Winter 2013 6PAC Plan: Boring Basics

If you couldn’t tell from the title, I’m calling my upcoming winter 6PAC boring basics (see a description of the 6PAC sew-along andthe current thread here on Artisan’s Square). As the weather has been cooling down and I’ve been reaching for long sleeved shirts and sweaters, I realized basically all of my ‘nice’ (ie good to wear to work) shirts are more appropriate for summer rather than winter.

For winter, the basic formula is:

1 – warm topper! coat, thick jacket, heavy sweater, something for cool temperatures – ideally a dark neutral
2 – lighter topper – cardigan, shirt – a colour
3 – a top to wear under the toppers – in a light or dark neutral
4 – another top to wear under the toppers – in shade of the colour
5 – a bottom, dark neutral
6 – another bottom, dark neutral

My bottoms will be two pairs of ‘dressy jeans’ – one black with black top-stitching, and either black with a little more visual interest (black with white/grey/silver stitching and light decorative stitching on the pockets) or charcoal grey with matching stitching. Two long sleeved shirts – one cowl or turtleneck sweater in teal and one in a teal/navy/green version of the same fabric that I used for my split collar sweater blogged here. As for the outer layers/toppers, I have more of a need for casual office-wear rather than a warm coat, so I’m thinking of making both views of M6844 cardigan, one grey and one black. Or else returning to my favorite jacket pattern, Simplicity 1919 and making a lined version, interlined with fleece for warmth.Or maybe some other jacket pattern.

My current storyboard looks something like this, though is subject to change:

A Sweater and New to Me Thread

I picked up this orange/red variegated sweater knit more than a year ago, with the intent to make a cardigan that could be work with a ton of different colored tops, but never got around to actually making the cardigan. Possibly because this fabric screams Autumn to me, and by the time Autumn does roll around, I want something warmer than a light knit cardigan even though I live in California, where the seasons barely change.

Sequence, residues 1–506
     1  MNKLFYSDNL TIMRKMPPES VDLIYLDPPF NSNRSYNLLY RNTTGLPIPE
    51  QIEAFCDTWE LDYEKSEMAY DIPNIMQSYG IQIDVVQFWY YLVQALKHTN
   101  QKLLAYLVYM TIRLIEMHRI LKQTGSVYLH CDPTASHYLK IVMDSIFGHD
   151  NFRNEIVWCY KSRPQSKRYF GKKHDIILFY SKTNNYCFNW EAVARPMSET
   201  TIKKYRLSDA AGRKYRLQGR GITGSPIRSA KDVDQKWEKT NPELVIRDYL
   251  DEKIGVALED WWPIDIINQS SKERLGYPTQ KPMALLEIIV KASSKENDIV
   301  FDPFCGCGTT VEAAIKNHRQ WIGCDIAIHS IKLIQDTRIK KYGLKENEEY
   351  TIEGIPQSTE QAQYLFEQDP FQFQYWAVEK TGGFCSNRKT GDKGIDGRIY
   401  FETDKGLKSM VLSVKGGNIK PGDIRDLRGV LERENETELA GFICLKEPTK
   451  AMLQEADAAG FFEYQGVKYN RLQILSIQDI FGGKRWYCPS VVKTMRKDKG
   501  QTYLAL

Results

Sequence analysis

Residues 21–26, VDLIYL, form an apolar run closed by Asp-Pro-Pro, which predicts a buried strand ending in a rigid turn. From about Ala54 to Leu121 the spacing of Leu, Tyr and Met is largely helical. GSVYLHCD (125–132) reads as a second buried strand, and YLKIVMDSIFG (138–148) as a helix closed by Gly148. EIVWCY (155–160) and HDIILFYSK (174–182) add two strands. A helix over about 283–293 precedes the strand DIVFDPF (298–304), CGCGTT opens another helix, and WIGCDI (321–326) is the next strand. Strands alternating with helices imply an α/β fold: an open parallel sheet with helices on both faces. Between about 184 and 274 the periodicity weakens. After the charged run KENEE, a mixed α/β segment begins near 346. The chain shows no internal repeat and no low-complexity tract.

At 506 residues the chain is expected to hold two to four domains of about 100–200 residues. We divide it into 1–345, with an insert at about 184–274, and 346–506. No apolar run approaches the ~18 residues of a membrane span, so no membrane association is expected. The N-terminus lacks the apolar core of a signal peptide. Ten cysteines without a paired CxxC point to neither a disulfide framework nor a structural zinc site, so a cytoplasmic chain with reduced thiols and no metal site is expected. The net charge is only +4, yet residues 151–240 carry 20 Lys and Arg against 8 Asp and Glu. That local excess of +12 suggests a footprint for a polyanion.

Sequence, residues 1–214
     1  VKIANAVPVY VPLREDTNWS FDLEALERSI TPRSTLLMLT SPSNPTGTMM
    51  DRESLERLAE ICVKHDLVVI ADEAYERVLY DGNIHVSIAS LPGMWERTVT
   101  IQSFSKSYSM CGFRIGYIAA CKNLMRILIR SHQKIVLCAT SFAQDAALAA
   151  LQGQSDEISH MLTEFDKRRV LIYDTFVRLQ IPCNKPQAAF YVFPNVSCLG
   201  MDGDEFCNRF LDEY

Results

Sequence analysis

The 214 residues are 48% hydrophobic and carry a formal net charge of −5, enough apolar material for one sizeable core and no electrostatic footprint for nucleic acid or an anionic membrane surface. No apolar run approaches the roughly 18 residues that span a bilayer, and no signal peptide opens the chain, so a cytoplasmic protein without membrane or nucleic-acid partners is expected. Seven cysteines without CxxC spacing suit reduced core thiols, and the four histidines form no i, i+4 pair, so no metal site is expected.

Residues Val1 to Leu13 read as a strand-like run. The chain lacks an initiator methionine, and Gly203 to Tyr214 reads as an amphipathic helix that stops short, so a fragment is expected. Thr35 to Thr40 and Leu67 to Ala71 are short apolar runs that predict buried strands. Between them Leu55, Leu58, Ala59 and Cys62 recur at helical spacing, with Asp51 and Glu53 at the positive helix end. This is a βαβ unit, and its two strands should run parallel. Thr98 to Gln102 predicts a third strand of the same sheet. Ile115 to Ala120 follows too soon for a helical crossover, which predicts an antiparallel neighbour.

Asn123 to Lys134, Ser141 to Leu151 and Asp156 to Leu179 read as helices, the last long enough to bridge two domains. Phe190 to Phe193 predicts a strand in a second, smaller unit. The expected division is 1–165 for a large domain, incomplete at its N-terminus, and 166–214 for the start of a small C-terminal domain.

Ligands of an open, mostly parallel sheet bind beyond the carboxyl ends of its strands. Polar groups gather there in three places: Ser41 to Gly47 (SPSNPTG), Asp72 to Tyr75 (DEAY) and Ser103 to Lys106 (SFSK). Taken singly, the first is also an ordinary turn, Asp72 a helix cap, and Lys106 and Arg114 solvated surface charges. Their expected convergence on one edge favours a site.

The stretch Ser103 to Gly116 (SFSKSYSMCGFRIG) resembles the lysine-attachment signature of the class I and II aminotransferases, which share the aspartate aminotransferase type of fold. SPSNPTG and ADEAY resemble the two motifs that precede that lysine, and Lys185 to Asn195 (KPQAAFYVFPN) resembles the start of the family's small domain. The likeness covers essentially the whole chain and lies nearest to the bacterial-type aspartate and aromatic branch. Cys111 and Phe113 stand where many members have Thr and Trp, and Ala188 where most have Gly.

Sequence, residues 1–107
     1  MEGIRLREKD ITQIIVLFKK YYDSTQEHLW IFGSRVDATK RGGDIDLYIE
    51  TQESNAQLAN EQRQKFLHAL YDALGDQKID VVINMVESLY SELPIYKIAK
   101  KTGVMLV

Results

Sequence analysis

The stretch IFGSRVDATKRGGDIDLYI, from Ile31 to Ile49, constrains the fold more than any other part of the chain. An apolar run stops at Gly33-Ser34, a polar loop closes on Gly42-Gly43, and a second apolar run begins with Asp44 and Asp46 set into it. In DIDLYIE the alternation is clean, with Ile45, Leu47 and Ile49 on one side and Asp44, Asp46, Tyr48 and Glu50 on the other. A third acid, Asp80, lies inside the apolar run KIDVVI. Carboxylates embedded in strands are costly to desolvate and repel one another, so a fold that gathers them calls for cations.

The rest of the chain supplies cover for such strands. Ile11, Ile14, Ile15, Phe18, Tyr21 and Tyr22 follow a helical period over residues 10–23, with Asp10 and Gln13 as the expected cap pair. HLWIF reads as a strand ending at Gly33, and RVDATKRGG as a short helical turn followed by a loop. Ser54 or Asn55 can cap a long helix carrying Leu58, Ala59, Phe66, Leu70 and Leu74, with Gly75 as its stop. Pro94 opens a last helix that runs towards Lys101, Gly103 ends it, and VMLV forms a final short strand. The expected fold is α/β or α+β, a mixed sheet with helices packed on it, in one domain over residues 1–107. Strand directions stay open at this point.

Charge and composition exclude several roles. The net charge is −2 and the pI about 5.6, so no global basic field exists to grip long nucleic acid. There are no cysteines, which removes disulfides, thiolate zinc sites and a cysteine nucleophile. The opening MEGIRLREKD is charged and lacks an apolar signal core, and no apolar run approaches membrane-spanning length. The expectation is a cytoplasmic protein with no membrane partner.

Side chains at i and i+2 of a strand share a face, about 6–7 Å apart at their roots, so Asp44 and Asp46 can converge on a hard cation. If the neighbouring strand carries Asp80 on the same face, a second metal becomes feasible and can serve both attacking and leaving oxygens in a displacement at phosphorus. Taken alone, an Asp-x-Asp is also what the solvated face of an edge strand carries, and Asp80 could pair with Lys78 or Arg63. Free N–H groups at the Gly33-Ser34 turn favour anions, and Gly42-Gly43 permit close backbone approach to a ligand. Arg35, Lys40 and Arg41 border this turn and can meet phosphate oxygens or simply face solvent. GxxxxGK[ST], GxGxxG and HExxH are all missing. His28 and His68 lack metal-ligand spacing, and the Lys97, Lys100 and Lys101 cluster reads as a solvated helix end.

As I was thinking about my corduroy jeans, this fabric popped into my head and I knew I had to make something with it this season. I fell in love with this split cowl sweater pattern as soon as I saw the pictures when the McCall autumn patterns first came out. I put it on my list and picked it up the next time patterns were on sale at JoAnn. Initially, I wasn’t sure how the pattern and fabric would pair, but I figured if I didn’t like the cowl collar, I could always just make a band and hem it as a t-shirt.

I don’t know if it was the pattern or the fabric, but I had to remove a lot of fabric from the pieces. I think I ended up taking about an inch off of each side seam. Once I had the top fitting, I basted the collar on, and absolutely loved it. The angled/split cowl with the buttons gives the top just enough of a pop to make it more than just a t-shirt without being too edgy/extreme.

With Needle and Thread - M6796 Split Cowl Sweater

While I love the look of this fabric, it is certainly not the easiest knit to work with. Even my serger didn’t like it. After some googling, I found Wooly Nylon thread (also called textured nylon, stretch nylon or bulky nylon, depending on the brand of thread). I ordered some online, and it was in my machine 4 days later.

I set up the machine with the nylon thread in both loopers as well as both needles, using bobbins filled with the wooly nylon thread for two of the spools. I forgot to take before and after pictures, but the difference was pretty amazing. The fabric fed through the serger a lot easier, and looked much happier once I was done.

Since the construction/serging had gone so well, I decided not to mess with success and try hemming the top with the serger rather than setting up the coverhem machine. Of course, when I tried to do a rolled hem, the machine tried to eat the fabric. So, instead I did a 3-thread serged edge and got a much cleaner finish.

The cowl seems to shift a lot, especially in the back (and therefore bunches and doesn’t lay flat). I’m considering tacking the cowl to the shirt body in a few places to try to prevent bunching, but haven’t done it yet. Overall, I really like this pattern. Though it is fairly distinctive, I do plan to make one or two more, as I have a feeling it will look significantly different in different colors/textures.

Chocolate Corduroy Jeans

As soon as I started thinking about sewing for Autumn/Fall (way back in July), I started thinking about chocolate brown corduroy jeans. Three months later, they’re finally done. I used my TNT (tried and true) jeans pattern, but since this fabric doesn’t have as much stretch as the denims I’d used in my past few pairs, I added an extra 1/4 inch to the outseam on the front pieces. Turns out I only needed it through the hip, as I ended up taking about the same amount back out after putting the waistband on, but I’m glad I had added it.
 Corduroy Jeans - With Needle and Thread
The only other change I made was to the waistband. I ‘borrowed’ the waistband from Jalie 2561, which I plan to test in the next few weeks. Since I don’t know how the pattern will fit, I basted the waistband pieces together, then took out equal amounts from each seam until it was the right length for my jeans. I really like the way this waistband fits – it doesn’t feel like it will stretch as much as the waistbands in some of my other jeans have.
Now, I just need the weather to cool down enough for me to wear them without looking silly. Actually, on second thought, I think I’d rather have the weather stay nice and wait to wear my jeans.